September 29 2022, 5pm Paris time / 11am NY time

Alexander Wolitzky

(Massachusetts Institute of Technology)

Persuasion as Matching (joint with Anton Kolotilin and Roberto Corrao)

Abstract: In persuasion problems where the receiver’s action is one-dimensional and his utility is single-peaked, optimal signals are characterized by duality, based on a first-order approach to the receiver’s problem. A signal is optimal if and only if the induced joint distribution over states and actions is supported on a compact set (the contact set) where the dual constraint binds. A signal that pools at most two states in each realization is always optimal, and such pairwise signals are the only solutions under a non-singularity condition on utilities (the twist condition). We provide conditions under which higher actions are induced at more or less extreme pairs of states. Finally, we provide conditions for the optimality of either full disclosure or negative assortative disclosure, where signal realizations can be ordered from least to most extreme. Optimal negative assortative disclosure is characterized as thesolution to a pair of ordinary differential equations.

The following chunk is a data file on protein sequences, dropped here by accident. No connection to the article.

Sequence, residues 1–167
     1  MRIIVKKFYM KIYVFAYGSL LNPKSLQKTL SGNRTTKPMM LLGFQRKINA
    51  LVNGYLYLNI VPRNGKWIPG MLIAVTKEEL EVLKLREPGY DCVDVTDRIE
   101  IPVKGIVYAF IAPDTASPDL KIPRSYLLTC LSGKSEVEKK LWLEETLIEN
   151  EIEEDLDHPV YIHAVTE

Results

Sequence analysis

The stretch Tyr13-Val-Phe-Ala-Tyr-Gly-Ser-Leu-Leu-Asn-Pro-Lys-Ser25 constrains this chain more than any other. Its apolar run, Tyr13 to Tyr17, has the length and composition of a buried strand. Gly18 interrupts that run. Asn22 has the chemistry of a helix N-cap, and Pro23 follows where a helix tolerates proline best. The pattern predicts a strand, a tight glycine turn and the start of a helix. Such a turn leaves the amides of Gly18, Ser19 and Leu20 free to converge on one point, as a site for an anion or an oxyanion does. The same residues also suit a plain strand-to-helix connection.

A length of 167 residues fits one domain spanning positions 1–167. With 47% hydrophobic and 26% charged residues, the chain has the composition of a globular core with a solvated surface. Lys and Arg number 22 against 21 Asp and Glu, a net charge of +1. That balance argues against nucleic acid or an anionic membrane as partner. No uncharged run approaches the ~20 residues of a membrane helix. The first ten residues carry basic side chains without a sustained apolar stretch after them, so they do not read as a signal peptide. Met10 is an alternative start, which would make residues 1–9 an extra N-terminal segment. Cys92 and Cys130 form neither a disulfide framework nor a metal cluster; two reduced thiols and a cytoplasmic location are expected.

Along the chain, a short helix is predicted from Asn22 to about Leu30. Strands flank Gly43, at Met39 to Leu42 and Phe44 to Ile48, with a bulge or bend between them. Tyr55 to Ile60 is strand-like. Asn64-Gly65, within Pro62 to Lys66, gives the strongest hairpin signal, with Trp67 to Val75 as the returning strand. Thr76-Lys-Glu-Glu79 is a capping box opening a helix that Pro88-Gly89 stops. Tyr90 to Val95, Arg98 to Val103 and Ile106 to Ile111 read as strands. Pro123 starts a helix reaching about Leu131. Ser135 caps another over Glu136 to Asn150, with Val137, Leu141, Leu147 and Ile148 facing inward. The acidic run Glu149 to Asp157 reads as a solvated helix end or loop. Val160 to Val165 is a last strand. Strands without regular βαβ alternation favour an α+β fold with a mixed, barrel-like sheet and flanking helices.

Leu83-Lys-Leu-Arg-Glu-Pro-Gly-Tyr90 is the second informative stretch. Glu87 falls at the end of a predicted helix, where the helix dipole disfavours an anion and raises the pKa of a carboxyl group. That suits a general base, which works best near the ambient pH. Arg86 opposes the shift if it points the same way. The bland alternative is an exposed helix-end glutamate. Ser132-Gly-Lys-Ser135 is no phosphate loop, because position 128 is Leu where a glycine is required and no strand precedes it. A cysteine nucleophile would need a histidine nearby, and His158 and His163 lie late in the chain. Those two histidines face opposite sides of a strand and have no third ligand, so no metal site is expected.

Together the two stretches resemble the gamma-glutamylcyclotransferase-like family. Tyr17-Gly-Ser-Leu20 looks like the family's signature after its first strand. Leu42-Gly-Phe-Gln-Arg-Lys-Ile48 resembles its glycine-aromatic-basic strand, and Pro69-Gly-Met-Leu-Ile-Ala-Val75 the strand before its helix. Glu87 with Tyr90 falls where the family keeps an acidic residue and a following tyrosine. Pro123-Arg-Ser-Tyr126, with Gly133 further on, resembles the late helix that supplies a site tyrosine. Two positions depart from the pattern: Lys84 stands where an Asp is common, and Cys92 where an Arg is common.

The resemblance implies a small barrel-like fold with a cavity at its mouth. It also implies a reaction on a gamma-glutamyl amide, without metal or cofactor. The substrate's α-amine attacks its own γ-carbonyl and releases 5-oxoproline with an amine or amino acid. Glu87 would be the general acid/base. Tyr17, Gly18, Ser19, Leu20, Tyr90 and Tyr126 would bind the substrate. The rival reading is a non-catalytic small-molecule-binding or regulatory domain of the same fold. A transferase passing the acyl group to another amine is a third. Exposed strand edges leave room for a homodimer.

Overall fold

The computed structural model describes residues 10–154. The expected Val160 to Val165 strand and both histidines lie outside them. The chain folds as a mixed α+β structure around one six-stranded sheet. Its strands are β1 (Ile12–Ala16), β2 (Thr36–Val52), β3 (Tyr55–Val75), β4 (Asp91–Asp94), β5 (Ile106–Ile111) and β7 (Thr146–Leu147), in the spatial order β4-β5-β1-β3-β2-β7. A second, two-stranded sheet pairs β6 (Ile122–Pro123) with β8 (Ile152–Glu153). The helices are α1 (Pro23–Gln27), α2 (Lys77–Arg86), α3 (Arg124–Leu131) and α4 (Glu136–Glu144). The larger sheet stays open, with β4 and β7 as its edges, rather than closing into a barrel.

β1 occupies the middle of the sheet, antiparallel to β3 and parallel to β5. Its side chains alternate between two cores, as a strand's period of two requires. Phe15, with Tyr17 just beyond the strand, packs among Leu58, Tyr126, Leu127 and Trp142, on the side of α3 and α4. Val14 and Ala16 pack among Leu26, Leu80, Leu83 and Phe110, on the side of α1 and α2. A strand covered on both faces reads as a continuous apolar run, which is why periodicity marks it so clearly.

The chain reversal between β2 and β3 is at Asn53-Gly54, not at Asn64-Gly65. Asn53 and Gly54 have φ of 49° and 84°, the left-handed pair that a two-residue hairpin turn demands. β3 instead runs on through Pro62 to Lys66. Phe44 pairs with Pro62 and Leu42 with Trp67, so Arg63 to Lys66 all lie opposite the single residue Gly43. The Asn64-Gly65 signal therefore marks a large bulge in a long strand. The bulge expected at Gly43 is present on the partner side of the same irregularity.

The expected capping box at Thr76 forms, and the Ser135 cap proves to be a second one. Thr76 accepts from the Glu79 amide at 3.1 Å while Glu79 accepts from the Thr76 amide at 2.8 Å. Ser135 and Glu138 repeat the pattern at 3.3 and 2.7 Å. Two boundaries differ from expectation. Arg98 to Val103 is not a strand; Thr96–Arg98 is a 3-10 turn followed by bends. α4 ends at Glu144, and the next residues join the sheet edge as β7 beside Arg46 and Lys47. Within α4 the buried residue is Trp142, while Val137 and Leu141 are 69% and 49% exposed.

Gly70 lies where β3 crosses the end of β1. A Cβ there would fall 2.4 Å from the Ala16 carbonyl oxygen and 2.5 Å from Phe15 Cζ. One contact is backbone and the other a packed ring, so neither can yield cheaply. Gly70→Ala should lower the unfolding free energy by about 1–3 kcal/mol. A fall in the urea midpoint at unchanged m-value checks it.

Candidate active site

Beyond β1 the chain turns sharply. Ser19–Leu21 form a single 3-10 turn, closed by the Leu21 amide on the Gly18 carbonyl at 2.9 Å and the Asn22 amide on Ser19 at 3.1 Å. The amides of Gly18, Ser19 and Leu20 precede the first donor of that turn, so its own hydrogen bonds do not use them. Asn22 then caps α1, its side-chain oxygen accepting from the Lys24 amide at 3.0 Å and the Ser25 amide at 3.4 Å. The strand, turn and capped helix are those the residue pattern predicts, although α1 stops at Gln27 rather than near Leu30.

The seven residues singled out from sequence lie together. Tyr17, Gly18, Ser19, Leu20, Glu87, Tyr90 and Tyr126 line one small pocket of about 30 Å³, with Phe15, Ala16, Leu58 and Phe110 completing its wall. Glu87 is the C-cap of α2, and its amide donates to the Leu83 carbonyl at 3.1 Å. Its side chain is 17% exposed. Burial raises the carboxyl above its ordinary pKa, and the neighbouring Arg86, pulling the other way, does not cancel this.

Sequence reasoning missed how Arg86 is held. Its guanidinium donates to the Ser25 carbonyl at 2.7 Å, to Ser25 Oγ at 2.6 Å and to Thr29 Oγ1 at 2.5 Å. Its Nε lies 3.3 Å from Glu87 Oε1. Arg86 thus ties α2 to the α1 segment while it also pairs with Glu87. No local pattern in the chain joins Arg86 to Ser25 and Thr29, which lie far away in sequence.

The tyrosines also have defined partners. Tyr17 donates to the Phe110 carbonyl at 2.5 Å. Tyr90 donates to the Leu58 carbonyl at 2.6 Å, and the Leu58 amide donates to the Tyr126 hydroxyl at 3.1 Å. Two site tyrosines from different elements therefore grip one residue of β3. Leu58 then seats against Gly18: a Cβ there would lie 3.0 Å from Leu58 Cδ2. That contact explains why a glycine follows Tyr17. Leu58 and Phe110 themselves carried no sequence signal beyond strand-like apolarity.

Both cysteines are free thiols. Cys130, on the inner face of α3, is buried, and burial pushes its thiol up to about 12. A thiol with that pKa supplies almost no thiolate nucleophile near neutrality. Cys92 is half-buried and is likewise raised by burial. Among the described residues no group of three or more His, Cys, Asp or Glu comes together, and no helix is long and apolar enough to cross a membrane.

August 25 2022, 5pm Paris time / 11am NY time

Susanne M. Schennach

(Brown University)

Optimally-Transported Generalized Method of Moments (joint with Vincent Starck)